Since I saw the Met's new Tosca production (see a previous entry), about which I found much less to dislike than most other commentators (not to mention the opening night audience), I've been back to the house for three more operas - all Italian, although the first of them is not by an Italian. Jonathan Miller's production of Le nozze di Figaro is still lovely, but in this revival it is damaged by the wayward conducting of Dan Ettinger, who had no concept that I could discern of one of Mozart's greatest masterpieces. To begin at the beginning: the problem with playing the overture as fast as possible - and I've heard many musicians say that that's how it should "go" - is that what's possible in the first bars is barely if at all possible, and not at all desirable, at various other points, and even the wonderful Met orchestra found itself scrambling to fit in all the notes, in tempo, during this performance. At the other end of the tempo spectrum and of the opera, "Contessa perdono" was excruciatingly slow, and along the way there was a great deal of pushing and pulling that seemed gratuitous, distracting, and just plain wrongheaded. Danielle de Niese and John Relyea were near perfect as Susanna and Figaro, respectively. Emma Bella sang all of the Countess's notes and was very good in the ensembles, but somehow her two arias didn't communicate much. Bo Skovhus was a convincing Count and Isabel Leonard a fine Cherubino, although I liked her even better as Stéphano in Gounod's Roméo et Juliette a couple of seasons ago.
I had been told, or had read somewhere, that it was Samuel Johnson who said something like, "What is too foolish to be spoken is sung." But in re-reading Beaumarchais's Le Barbier de Séville for my History of Opera course at the Curtis Institute (several of my students will be participating, this winter, in an in-house production of Rossini's Barbiere), I find Figaro himself saying, "ce qui ne vaut pas la peine d'être dit, on le chante" (what isn't worth saying is sung). If I'm not mistaken, however, Dr. Johnson also said that what is too profound to be spoken is sung. In any case, although Rossini's Barbiere has plenty of touching moments and is certainly not foolish, it was not meant to be profound. Or can we say that effervescent wittiness contains a sort of reflected (as opposed to reflective) profundity? It is profound by association: it uses irony and ridicule, rather than high drama and reason, to comment on human foibles; it does not describe or explain those foibles - it smacks us in the head with them. For that matter, even farce, by its very obviousness, can be probing and corrosive, because even a distorting mirror is still a mirror.
Bartlett Sher's Met production of Barbiere is exuberantly farcical. I may be misremembering, but it seemed to me even more over the top this year than when it premiered two seasons ago. Yet like Mozart's Figaro, Barbiere allows for elastic interpretation, and there is a lightness to this production - its sets as well as its action - that makes one excuse its excesses. Conductor Maurizio Benini is a competent baton-wielder who accommodates singers rather than trying to provide them with some sort of common musical vision or sense of direction, and as far as I could determine he seemed to let each of them ornament their parts a piacere. But Joyce DiDonato is a scintillating Rosina, vocally and stage-wise, and all of the other singers ranged from acceptable (Barry Banks as Lindoro/Almaviva, has a vibrato that makes individual notes in fast passages almost unintelligible) to very good (the Russian Rodion Pogossov, as Figaro, trained at the Met's Lindemann Young Artists Development Program).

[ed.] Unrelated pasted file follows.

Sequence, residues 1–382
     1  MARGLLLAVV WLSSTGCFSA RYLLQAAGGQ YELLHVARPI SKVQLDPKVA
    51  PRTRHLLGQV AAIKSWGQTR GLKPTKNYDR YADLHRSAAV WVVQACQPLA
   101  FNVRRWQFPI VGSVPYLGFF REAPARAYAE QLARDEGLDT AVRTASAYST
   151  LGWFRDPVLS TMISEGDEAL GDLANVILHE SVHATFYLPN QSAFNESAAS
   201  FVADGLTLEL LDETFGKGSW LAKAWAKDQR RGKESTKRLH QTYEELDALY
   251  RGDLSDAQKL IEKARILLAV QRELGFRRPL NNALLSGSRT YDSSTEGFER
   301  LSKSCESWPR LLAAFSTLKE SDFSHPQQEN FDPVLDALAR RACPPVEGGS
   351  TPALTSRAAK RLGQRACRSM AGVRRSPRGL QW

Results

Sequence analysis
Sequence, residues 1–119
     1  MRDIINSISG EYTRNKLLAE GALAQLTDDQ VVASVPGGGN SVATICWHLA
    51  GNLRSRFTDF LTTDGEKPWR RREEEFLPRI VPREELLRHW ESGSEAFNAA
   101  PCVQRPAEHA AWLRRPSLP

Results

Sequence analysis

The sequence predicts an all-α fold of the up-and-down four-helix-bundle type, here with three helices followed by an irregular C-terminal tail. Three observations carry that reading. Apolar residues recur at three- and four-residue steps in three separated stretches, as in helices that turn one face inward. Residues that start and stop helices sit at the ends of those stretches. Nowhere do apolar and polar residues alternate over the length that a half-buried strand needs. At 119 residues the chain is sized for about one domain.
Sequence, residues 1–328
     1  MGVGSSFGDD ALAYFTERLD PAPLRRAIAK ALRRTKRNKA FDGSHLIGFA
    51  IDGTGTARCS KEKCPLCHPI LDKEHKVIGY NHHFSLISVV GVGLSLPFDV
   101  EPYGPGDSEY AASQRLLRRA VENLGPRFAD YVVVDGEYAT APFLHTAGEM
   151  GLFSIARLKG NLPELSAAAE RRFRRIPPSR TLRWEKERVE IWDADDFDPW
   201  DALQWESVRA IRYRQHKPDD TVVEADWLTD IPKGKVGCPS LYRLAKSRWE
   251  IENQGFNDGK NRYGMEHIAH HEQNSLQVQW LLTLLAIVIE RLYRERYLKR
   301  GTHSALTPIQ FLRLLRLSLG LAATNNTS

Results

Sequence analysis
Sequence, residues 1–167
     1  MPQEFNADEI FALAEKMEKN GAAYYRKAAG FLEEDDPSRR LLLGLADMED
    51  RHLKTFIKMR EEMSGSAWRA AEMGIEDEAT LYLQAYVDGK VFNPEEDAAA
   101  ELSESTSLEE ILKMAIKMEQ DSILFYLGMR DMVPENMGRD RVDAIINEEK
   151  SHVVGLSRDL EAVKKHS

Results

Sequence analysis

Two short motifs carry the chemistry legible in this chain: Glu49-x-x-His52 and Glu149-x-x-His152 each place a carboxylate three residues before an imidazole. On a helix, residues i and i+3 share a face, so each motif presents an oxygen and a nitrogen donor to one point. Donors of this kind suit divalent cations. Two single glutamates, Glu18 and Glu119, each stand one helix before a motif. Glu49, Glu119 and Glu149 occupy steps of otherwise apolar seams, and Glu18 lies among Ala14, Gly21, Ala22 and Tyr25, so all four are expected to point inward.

I understand that conductor Daniele Gatti was booed at the first performance of this year's Aida revival, but I don't know why. At the third performance, which I heard, the orchestra played well under his baton, and he seemed to have a good, solid concept of the work. His tempi made sense, the ensemble scenes functioned well - so what was all the fuss about? No one protested against Ettinger or Benini, and Gatti is several cuts above them both. The singing, on the other hand, was somewhat uneven. Violeta Urmana is fine in the title role, but her voice doesn't soar in high and/or intense passages, as Caballé's and Leontyne Price's used to do, and at the performance I attended she had trouble holding some climactic high notes for a reasonable length. Johan Botha is an old-fashioned stand-and-sing tenor; his Radames was clear-voiced and true in intonation, but it communicated little emotion. Sure, if you read the plot or even the whole libretto, you think that Radames and Aida are two-dimensional characters, but with a little help from their interpreters they should make us want to care about them. Carlo Guelfi, the Amonasro, is not a great singer, but he has exactly the right sort of Italianate sound for this and related roles. Dolora Zajick (Amneris) has one of the most powerful voices in the business today, but subtlety is not her forte. (I'm tempted to say that her forte is forte, but I've heard her do better than she did in this performance.) Ramfis - one of several Verdi characters through whom the composer expressed his dislike of religion in general and the clergy in particular - was stiffly portrayed by Roberto Scandiuzzi, who, in solo passages, was often out of sync with the orchestra: sometimes too fast, sometimes too slow. (This reminds me of the comment of a disgruntled symphony conductor who found himself working with a not terribly exalted ballet ensemble: "Dancers perform in two different tempi," he said; "too fast and too slow.") Donald Palumbo's chorus sang magnificently, as it almost always does, and Sonja Frisell's monumental, twenty-year-old production still functions well.